Glass was often the preferred material for storing expensive oils, perfumes, and medicines in antiquity because it was not porous. The small body and mouth allowed the user carefully to pour and control the amount of liquid dispensed. By the 1st century AD, the technique of glass-blowing had revolutionised the art of glass-making, allowing for the production of small medicine, incense, and perfume containers in new forms. Glass vessels are found frequently at Hellenistic and Roman sites, especially in cemeteries, and the liquids, which filled them, would have been gathered from all corners of the expansive Roman Empire. This piece was decorated with the technique of trailed threading where molten glass threads in contrasting colours were wound onto the body of the hot vessel in a spiral.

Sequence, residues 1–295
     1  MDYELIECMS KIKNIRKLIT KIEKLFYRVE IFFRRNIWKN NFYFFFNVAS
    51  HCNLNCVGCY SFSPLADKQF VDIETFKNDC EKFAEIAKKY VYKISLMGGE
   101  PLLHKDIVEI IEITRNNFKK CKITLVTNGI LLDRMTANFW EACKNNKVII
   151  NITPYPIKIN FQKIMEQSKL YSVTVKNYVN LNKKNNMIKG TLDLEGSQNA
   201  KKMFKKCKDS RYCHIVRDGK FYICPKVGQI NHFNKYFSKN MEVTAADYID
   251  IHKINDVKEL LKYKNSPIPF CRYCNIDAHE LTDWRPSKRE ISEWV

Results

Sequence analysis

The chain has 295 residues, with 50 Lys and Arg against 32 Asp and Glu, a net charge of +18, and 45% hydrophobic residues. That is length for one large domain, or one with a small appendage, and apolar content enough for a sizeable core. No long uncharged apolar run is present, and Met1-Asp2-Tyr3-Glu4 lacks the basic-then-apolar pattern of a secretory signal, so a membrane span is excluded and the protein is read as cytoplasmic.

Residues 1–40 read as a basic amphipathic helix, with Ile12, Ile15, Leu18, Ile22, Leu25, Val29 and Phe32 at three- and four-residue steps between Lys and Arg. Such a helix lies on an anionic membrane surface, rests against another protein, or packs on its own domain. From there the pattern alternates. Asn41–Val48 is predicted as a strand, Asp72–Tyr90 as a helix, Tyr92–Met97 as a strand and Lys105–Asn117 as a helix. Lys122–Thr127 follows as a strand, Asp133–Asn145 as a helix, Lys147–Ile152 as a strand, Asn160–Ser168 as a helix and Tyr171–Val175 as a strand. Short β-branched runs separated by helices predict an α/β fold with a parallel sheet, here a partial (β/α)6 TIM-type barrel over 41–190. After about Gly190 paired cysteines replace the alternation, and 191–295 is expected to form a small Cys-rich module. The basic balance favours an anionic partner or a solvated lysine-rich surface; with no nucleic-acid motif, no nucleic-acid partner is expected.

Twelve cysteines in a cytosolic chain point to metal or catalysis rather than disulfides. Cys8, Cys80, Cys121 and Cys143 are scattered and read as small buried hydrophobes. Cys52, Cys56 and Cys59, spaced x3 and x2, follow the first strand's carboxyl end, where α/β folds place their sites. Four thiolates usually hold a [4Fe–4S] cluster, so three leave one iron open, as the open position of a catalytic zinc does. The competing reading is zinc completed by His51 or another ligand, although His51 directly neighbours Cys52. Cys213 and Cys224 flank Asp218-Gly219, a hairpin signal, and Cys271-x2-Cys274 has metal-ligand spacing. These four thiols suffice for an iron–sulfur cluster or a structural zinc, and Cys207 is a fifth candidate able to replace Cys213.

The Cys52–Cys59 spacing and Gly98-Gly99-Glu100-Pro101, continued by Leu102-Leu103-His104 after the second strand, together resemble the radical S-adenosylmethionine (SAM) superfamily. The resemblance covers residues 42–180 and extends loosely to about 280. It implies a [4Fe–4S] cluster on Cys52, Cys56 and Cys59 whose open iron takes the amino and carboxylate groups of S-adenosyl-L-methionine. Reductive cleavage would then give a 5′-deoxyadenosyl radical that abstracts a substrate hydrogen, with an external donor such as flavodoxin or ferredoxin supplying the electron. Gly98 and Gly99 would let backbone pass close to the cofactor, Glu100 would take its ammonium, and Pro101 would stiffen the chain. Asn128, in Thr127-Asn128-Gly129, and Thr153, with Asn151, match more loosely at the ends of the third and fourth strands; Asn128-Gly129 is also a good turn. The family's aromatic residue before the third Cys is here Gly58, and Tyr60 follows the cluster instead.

To learn more about Roman glass, visit our relevant post: How It Was Made: Roman Glass.